Three Lessons (of Many!) Learned

Two months, 216 commits, and 28 pull requests later, we’ve built a text adventure game in Python. And along the way, I’ve learned a few things both as a contributor and as a facilitator for the project. Below are three of the many lessons learned throughout the course of this project.

1. collaborative code != personal code

A few months ago, we decided to tackle a group project, and being the Python newbie that I am, I went hunting for a tutorial to serve as a scaffold for the project—I had never structured this big of a project before. So I mirrored the tutorial structure, wrote out the initial features list, and promptly left for vacation (poor timing!).

When I came back, there was a ton of great code written by group members, and it looked nothing like the code in my head or in the tutorial. I’m not sure if there are stages of processing a new codebase, but I certainly went through a few: panic, bewilderment, righteous refactoring anger, until I finally settled into acceptance and determination to jump in and build along with the group. I realized and was reminded that there are plenty of ways to attack a problem or process with code, and when you factor in the disparate creative minds of a group, it’s guaranteed that the code will be different than any one person could imagine or write.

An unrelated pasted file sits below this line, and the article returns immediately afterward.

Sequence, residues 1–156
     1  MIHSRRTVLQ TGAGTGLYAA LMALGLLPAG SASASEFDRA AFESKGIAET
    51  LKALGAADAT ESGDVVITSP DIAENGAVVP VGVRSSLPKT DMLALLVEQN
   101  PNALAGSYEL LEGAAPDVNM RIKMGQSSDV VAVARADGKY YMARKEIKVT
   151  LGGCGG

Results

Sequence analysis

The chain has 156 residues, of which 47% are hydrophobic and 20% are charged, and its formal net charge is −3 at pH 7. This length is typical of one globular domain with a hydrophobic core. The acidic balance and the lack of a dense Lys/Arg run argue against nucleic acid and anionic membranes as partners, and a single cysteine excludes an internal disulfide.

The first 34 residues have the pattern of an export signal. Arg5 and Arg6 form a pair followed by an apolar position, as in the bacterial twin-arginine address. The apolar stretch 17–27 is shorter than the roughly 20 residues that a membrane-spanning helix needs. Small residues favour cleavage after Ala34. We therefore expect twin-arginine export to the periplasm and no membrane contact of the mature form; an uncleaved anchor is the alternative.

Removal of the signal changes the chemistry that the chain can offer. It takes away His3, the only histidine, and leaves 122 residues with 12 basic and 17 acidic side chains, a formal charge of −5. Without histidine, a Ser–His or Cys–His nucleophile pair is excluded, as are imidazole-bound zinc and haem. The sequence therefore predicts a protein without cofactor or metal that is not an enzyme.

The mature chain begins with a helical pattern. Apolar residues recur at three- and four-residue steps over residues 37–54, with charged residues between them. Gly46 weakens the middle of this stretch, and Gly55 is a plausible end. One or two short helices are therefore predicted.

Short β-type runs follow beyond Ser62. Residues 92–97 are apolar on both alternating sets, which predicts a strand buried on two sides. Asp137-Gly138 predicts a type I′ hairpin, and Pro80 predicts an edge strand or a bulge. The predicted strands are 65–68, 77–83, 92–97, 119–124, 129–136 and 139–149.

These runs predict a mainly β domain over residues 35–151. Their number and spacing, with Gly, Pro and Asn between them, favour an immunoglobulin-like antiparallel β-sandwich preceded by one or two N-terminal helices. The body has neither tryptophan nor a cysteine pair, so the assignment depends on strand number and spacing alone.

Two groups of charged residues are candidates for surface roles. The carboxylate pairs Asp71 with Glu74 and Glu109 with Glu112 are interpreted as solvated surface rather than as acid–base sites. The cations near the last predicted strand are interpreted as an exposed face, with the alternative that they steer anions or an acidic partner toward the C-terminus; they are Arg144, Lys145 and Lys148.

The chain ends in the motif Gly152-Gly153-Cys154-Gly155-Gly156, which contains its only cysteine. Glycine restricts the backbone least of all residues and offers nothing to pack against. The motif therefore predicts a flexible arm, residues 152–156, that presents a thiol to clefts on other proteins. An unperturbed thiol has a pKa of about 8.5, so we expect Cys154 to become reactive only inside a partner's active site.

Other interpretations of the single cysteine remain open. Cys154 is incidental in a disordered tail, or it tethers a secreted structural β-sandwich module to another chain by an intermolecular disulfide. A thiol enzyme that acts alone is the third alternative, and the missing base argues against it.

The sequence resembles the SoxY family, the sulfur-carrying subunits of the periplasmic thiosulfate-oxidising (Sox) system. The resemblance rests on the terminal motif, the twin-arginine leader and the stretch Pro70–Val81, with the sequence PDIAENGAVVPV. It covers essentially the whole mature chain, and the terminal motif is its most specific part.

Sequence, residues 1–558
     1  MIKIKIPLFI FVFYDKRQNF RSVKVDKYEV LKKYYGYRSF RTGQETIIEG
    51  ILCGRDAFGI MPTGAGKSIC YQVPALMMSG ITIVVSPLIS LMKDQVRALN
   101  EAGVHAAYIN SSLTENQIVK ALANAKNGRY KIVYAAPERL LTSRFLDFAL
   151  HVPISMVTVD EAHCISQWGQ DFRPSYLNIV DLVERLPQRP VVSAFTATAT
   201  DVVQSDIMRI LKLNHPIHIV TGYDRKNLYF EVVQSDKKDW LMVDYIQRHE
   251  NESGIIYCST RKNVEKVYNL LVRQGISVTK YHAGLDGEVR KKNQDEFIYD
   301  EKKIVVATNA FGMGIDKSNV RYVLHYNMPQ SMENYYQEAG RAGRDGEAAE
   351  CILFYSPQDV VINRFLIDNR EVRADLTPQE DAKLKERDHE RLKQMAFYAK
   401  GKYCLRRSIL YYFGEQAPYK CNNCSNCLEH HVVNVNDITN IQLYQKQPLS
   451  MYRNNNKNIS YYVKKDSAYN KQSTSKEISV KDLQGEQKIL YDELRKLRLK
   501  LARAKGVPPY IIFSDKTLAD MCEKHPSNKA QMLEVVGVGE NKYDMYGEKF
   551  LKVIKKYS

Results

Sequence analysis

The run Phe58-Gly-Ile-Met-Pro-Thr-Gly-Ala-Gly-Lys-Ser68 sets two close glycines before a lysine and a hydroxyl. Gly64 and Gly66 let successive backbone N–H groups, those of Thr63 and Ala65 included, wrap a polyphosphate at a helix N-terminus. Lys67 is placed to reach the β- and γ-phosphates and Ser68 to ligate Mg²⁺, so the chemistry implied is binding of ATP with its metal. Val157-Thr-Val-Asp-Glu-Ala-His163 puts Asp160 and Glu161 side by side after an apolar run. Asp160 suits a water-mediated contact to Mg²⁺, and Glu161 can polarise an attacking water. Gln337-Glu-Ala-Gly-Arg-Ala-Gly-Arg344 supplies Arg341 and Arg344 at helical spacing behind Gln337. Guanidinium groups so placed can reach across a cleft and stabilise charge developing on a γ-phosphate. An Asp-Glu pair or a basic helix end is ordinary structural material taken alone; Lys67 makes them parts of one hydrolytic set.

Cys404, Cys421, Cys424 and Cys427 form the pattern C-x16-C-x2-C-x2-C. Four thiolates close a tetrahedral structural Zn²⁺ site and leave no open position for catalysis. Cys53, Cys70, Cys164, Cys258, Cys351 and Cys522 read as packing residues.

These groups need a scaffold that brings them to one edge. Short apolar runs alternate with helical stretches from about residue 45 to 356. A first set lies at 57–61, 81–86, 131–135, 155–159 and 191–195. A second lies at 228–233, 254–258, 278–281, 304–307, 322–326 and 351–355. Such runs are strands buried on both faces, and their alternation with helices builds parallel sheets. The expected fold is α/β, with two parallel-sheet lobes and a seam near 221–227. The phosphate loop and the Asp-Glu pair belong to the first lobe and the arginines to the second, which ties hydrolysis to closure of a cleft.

2. projects_with clear and defined milestones > open-ended projects

After the initial feature list was discussed, we started building the game at the same time that we were brainstorming and adding more features to the game. This was a great way to evolve and construct the game by letting creativity and imagination guide the process. But if left unchecked, we would still be building and brainstorming: the open-ended nature of the game allows building and iterating to go on forever.

From a project management standpoint, it seems like defining clear goals and tasks to achieve milestones is a more efficient way to tackle a group project. There would still be opportunities to brainstorm and iterate between sprints and maintain a high level of creativity, without compromising productivity and focus.

3. if tests in code: return code_quality * 100

(see also, obey the testing goat!)

Early in the project, Jamal, one of the project contributors, suggested that we build the game using Test-Driven Development. A few of us had picked up Harry Percival’s book, TDD with Python, and this project seemed the perfect opportunity to try out TDD principles.

Result: before contributing to the project, I had never written a single test. And now all the project contributors have experience in both Python unittest and py.test. TDD afforded our code resiliency—the codebase has stood up to both multiple rounds of refactoring and the addition of many new features—and modularity.

Overall, working on and facilitating this project has been great. I’ve learned a ton about not only Python, but also git, GitHub, testing, code collaboration and more. I’m definitely looking forward to building the next project with the Python Thursday crew!